Happy Birthday Marvin Gaye And The Greatest Breakup Song Of All Time
Ever since H-Town said “listening to some Marvin Gaye all night long,” the legacy of Marvin Gaye’s music has been somewhat commercialized in ways that disgust me. “Let’s Get It On,” “I Heard It Through The Grapevine,” even “What’s Going On” a song that has never not been fitting for the times when it is played; all of these fantastic songs are no longer such. I mean, they’re still good, but tolerable? It’s honestly gotten to the point where I hear them and I don’t even listen to 30 seconds, I skip right along to the next song.
But this is not the case for the majority of Marvin’s catalog. Die-hard Marvin fans know Gaye was more than just some bedroom Lothario who was all about getting panties thrown at him. I mean, that was the life he lived, but I’m saying, his music went much deeper, and ran a gamut of emotions. For my money, his best moments on record aren’t about lust or even love, but rather, love lost.
If you’re someone who is actually interested in R&B beyond what’s playing today and what you heard on some “Body & Soul” compilation (no shade to those “B&S” compilations though. They’re excellent.), I urge you to listen to “Here, My Dear” and read the entire backstory of that album here.
When you’re done reading and listening to it, go listen to “Let’s Get It On” and you can either play that one from top to bottom or you can skip everything and go to the very last song.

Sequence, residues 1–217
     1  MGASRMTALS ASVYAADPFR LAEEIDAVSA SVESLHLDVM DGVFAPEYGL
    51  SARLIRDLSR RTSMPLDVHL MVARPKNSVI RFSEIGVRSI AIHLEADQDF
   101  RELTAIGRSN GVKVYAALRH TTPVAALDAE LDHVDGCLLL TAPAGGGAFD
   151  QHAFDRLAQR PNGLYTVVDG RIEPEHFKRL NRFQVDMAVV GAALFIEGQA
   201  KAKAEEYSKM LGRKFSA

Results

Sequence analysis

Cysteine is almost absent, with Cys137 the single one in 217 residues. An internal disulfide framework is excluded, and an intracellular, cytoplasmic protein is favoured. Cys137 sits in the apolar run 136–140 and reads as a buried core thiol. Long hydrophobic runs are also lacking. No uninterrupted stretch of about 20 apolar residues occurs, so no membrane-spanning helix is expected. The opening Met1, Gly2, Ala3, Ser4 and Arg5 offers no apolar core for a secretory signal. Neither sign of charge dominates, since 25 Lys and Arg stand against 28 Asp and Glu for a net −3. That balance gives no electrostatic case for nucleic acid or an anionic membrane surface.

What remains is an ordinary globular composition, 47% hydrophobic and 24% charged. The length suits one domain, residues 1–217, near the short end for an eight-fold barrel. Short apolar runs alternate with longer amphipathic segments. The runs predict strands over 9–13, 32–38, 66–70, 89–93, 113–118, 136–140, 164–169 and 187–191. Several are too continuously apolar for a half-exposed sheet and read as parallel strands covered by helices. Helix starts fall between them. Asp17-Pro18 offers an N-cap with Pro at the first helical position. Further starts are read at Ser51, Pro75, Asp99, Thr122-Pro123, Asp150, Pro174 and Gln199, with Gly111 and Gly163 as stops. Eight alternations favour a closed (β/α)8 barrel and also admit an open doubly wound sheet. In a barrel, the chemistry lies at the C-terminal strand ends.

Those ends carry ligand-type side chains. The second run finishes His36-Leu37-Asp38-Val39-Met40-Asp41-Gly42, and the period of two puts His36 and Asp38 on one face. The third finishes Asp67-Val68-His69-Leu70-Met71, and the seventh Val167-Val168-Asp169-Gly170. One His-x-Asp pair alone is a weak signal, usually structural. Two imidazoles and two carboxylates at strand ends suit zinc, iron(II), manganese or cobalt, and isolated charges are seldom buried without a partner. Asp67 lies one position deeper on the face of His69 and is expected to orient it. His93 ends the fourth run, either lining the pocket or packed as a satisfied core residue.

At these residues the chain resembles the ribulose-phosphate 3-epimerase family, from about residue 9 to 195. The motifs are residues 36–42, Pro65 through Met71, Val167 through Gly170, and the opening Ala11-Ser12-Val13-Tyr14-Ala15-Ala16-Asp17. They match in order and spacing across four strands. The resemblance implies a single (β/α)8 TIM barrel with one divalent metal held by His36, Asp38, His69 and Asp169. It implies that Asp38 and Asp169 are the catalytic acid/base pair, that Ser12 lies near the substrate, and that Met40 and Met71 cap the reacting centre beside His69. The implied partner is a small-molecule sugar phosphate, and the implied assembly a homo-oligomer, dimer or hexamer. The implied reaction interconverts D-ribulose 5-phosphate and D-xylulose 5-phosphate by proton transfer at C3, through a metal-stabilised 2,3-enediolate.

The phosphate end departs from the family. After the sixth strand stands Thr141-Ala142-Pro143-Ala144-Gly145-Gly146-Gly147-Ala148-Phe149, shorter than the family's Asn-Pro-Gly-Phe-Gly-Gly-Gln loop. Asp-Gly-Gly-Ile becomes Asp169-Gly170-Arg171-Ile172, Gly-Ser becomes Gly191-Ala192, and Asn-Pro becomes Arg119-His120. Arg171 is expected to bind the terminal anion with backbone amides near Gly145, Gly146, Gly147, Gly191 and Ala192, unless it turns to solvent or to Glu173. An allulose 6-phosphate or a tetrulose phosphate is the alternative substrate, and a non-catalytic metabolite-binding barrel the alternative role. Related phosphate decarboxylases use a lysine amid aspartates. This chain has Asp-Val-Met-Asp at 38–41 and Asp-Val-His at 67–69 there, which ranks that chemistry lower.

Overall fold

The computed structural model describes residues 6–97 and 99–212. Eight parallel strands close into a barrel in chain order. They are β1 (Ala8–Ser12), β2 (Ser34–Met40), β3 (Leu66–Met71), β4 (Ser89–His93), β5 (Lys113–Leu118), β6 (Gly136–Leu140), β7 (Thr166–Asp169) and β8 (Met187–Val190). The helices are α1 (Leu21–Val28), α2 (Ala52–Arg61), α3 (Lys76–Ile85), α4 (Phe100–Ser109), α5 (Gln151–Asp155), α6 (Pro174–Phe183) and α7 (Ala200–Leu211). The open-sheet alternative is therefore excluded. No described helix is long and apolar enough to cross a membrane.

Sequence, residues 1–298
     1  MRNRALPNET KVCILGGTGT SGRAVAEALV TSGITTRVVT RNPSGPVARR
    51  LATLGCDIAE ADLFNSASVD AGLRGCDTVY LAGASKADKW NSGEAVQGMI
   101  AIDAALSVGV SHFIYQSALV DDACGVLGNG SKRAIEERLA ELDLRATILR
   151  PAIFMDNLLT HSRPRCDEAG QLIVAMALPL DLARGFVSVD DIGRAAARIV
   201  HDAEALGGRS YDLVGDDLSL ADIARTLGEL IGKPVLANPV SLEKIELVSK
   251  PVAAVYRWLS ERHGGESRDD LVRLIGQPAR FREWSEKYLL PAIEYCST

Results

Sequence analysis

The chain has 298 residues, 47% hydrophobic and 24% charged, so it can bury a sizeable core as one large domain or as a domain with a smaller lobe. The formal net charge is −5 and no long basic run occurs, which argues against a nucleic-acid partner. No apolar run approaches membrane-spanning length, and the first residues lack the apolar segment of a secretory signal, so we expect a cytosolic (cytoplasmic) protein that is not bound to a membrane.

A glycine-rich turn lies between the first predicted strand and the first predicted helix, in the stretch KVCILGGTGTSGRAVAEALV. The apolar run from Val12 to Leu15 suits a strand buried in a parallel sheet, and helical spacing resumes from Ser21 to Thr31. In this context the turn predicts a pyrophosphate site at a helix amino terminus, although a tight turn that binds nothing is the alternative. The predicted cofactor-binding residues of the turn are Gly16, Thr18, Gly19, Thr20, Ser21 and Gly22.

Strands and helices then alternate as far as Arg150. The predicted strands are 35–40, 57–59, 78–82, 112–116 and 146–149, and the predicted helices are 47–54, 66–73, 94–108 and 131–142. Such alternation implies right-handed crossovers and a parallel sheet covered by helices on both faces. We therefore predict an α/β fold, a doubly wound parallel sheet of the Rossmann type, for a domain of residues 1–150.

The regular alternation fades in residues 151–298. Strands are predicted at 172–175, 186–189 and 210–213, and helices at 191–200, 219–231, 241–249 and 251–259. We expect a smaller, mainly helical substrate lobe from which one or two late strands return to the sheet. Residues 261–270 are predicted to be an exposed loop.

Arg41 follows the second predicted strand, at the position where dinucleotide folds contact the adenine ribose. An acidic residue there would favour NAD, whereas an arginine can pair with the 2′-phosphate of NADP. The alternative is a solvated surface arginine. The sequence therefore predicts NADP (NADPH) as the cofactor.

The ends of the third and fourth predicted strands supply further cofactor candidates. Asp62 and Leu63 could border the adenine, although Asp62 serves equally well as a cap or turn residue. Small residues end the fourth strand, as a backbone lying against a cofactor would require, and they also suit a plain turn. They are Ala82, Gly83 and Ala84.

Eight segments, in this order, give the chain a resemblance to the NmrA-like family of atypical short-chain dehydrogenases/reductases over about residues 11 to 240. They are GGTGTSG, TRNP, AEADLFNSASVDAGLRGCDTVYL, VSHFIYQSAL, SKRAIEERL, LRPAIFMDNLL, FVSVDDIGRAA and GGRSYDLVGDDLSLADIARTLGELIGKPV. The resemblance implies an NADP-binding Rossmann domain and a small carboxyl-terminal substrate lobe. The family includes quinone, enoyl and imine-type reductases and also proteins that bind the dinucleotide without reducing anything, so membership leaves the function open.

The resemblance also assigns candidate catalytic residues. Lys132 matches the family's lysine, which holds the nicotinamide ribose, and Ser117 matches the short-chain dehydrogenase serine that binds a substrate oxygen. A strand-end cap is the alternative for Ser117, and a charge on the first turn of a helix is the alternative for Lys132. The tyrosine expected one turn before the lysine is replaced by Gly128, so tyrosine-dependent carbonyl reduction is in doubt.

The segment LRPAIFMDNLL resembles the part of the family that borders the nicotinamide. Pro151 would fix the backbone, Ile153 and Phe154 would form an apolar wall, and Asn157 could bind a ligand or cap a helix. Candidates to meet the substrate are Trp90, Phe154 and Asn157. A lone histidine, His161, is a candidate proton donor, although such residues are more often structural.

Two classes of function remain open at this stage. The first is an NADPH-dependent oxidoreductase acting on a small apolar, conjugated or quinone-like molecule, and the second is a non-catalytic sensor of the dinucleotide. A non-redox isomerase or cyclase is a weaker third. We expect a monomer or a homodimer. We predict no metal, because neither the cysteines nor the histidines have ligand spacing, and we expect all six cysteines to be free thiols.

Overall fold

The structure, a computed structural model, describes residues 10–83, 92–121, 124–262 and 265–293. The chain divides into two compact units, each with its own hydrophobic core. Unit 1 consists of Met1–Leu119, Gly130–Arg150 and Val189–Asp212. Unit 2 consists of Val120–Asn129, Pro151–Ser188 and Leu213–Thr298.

In honor of Gaye’s born day (he would have been 73 had he not been killed at the hands of his father on April 1, 1984) I want to share “Just To Keep You Satisfied.” To my ears, this is Marvin Gaye at his best, his most honest. The song was originally recorded by a couple of Doo Wop groups as a dedication to lasting love, but when Gaye got his hands on the song, he took it somewhere else entirely. At the time Gaye was recording this song, he was going through a divorce from Anna Gordy, the pain and sadness of which is masterfully conveyed
here by Gaye.
It’s a sneaky song so seductive you might want to make love to it, but one close listen to the lyrics and you realize this is a song for the times when love hurts us the most, when we tried as hard as we could to make it work and nothing worked at all. Most importantly, because it’s sung by a man, I always thought “Just To Keep You Satisfied” got at the heart of men’s frustrations with a failed relationship. Sometimes, we’re not sad it didn’t work out, we’re just frustrated; frustrated because we thought we got it right and we didn’t, and no matter who is to blame, getting love wrong is one of life’s worst pains.